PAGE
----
The shipside end of the boom 10 has a digging arm assembly 15 pivotally suspended therefrom. The digging arm pivot point 16 comprises the drive shaft for two large spaced sprockets 17 one of which is spaced behind the other on a common axis which is transverse to the plane of the longitudinal axis of the boom, the sprocket wheels themselves being in planes parallel with the plane of said longitudinal axis so that only one of which is seen in the drawing. Parallel chains 18 pass over and are driven by these sprockets, but here also only one chain 18 can be seen and is here indicated by a broken line. Between the chains is a continuous succession of digging buckets 18a providing a digging and elevating conveyor of a type well known in the art, but because of the small scale of the drawings, only a relatively few of these buckets are shown. The buckets are seen only in end elevation because they extend ladder-like between the two chains and cross-wise of the long axis of the boom, and which, in fact, is known in the art as a bucket ladder. At the lower end of the digging arm the chains carry the buckets from the down reach of their travel around digging sprocket assembly 19 in a direction to scoop up the bulk material which they encounter and carry it up the other side of the digging arm to be discharged as the buckets pass around the top of the sprocket wheel 17. The sprocket chains starting their descent from the drive wheels pass around take-up sprockets 17a and 17b. A gear reducer 20 is mounted on the shaft 16 and this reducer includes oppositely extending supports for drive motors 21 for driving the sprockets 17 and digging and elevator conveyor, as is well understood in the art. Usual brakes, also well known in the art, can be arranged on the reducer to prevent reverse travel of the digging conveyor when the motors are stopped.

The digging arm has an upwardly projecting extension 22 on which there are sheaves 23, here indicated to be four in number. A cable 24 anchored at 25 at the axis of the boom is reeved around these pulleys and around a similar number of sheaves 26 (see FIG. 3) also at this axis, and then extend to a power-driven drum 27 near the inshore end of the boom. A similar cable 28, anchored to the digging arm at 29 is reeved around sheaves 30 on the boom axis and around sheave 31 on the digging arm beside the cable anchor 29, with the other end of the cable so reeved to extend along the boom to a power-driven drum 32.

The cable 24 and its reeving system are referred to herein as the "digging arm extension rope" and "extension rope reeving system." The other cable 28 is referred to as the "digging arm retracting rope" and, with its sheaves, is termed the "digging arm retracting rope reeving system." Driving the drum 32 to take up on the digging arm retracting rope 28 while slacking off on the digging arm extension rope swings the lower end of the digging arm shoreward, or to the right as viewed in FIG. 1. Taking up on cable 24 and paying out retracting rope 28, of course, swings the lower end of the digging arm in the reverse direction.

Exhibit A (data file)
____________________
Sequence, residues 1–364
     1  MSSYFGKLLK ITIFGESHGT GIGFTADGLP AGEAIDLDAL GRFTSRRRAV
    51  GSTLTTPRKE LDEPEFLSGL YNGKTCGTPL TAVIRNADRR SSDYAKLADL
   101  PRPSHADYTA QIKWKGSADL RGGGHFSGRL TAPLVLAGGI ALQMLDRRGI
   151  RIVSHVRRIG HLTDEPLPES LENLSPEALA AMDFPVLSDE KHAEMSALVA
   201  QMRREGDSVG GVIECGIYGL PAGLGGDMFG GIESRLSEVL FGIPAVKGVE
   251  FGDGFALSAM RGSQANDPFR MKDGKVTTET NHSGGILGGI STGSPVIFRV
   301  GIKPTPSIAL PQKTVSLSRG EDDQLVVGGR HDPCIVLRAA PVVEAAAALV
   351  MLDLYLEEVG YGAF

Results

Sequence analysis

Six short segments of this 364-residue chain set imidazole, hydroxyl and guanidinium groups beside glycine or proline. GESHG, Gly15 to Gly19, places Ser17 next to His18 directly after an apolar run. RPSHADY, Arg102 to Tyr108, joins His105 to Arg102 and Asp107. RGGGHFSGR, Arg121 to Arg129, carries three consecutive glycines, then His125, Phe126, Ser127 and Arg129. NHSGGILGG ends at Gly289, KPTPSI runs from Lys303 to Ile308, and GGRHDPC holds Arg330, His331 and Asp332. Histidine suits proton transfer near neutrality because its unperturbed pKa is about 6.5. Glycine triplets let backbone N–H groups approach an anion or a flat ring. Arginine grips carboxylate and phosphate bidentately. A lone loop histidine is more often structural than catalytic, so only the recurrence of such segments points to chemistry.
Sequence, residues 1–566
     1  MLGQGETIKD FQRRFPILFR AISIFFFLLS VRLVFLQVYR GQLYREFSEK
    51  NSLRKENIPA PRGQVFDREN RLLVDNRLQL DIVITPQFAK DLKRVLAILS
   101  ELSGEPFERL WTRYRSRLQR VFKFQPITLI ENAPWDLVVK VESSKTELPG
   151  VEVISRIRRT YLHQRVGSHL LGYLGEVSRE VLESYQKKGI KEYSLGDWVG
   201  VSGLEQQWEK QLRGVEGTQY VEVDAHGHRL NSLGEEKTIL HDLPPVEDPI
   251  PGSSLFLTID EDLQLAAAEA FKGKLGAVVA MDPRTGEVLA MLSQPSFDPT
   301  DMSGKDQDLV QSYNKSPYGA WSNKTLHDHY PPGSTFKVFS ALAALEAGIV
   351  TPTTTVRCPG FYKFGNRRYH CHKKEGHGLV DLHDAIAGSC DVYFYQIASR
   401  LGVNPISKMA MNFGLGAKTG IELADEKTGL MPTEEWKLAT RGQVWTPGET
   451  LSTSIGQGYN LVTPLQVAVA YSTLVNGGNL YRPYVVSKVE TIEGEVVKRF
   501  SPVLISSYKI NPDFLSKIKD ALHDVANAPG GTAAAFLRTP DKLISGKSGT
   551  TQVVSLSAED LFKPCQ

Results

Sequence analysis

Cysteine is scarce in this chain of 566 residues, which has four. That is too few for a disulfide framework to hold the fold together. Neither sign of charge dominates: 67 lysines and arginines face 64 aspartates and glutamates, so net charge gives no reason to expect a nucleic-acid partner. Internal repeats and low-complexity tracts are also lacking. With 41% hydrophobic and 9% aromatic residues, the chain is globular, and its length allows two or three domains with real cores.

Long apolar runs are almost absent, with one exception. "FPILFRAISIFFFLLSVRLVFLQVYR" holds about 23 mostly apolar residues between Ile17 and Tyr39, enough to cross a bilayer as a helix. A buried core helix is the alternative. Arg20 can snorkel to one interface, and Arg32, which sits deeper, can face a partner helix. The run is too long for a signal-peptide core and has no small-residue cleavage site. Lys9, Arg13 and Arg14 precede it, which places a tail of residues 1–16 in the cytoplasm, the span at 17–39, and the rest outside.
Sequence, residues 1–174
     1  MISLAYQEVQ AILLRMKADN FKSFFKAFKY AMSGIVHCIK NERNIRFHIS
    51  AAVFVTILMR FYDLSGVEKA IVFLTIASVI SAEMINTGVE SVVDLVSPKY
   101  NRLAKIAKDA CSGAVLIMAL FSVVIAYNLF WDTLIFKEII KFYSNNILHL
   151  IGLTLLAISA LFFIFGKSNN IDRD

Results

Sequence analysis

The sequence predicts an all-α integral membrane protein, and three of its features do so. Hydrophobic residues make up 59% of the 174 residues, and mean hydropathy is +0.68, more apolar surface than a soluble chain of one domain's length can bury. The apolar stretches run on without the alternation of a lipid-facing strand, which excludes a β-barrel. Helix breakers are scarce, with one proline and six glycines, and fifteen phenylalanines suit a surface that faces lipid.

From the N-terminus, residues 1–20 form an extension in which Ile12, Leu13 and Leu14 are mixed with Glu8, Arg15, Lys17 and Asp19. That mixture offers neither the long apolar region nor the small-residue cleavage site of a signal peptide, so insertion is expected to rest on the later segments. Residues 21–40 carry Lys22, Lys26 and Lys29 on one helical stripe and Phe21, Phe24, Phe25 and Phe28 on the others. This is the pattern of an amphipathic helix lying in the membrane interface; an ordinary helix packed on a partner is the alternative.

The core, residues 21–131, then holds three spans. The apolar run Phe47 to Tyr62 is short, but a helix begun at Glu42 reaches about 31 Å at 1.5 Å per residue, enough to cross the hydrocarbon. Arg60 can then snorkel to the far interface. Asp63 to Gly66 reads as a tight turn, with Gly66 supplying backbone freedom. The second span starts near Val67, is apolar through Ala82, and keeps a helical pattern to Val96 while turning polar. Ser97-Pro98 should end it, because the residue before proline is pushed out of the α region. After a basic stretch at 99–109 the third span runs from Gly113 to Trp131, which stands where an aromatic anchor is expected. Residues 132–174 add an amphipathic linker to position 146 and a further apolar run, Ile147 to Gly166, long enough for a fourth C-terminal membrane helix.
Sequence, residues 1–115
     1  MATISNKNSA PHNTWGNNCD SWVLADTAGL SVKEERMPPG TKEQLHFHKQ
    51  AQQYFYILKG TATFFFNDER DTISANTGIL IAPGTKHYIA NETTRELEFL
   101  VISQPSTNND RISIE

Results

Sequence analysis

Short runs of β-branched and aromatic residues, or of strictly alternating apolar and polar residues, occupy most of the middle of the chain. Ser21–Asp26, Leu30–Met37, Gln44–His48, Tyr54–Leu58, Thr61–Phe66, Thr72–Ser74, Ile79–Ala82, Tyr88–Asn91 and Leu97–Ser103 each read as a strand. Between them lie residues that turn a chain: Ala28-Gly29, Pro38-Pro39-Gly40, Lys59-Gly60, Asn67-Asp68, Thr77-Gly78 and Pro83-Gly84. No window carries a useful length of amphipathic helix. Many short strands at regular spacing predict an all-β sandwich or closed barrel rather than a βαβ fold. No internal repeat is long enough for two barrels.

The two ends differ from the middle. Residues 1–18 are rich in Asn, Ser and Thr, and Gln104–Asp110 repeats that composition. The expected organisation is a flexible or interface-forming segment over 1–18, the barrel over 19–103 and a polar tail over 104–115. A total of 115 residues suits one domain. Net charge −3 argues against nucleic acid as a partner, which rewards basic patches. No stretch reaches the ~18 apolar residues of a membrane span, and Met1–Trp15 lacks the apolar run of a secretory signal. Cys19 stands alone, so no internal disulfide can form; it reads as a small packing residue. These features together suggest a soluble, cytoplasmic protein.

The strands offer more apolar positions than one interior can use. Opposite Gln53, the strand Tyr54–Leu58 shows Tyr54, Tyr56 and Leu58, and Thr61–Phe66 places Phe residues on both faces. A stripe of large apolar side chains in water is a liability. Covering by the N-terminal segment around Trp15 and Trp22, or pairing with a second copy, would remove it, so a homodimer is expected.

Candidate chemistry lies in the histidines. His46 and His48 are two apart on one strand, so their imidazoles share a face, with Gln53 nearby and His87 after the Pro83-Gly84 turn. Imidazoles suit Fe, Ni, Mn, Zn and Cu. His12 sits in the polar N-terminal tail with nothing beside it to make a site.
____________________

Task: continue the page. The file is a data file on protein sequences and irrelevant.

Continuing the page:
It has heretofore been mentioned that the buckets passing around the tops of the drive sprocket discharge the bulk material which they have elevated from the ship's hold. There is an endless conveyor belt 33, indicated by the parallel broken lines, extending along the boom from a terminal pulley 34 near the outer or left end of the boom to a pulley 35 generally above and a short distance to the right of the boom pivot hinge 9. Bulk material falling from the buckets as they pass around the top of the drive sprockets 17 is received at the outer end of this conveyor belt and discharged over the said pulley 35.

The pulley 35 is located at the mouth of a receiving chute 36 fixed on the boom at the right of the boom hinge pin. The lower end of the chute is positioned to discharge the bulk material at any angle to which the boom may be positioned in unloading material into an open-topped hopper 37. The top of this hopper extends upwardly through the boom, as shown in FIG. 1, when the end of the boom in which the digging arm is carried is near its lowest position. The hopper 37 has a discharge chute 38 extending through the gantry platform to discharge into a receiving conveyor 40 on the dock below the gantry platform. However, other means for receiving the bulk material may be provided, as will be readily understood by those skilled in the art.

The inshore end of the boom is provided with a counterweight 41 and also carries certain power-driven winches including the rope drums 27 and 32 heretofore mentioned. There is a multi-fall rope luffing connection between the counterweighted ends of the boom and the pivot arm, the sheaves on the pivot arm being designated 42 and those on the boom designated 43. The rope 44, after passing over the last sheave 43 on the boom, extends forward to guide sheave 45, then upwardly to the sheave 46 on the top of mast 47. The mast 47 is perpendicular to the axis of the boom hinge pin 9. From the sheave 46, this luffing rope extends to a power-operated drum 48 at the shoreside end of the boom. In this manner, the angular relation between the boom and the pivot arm can be changed.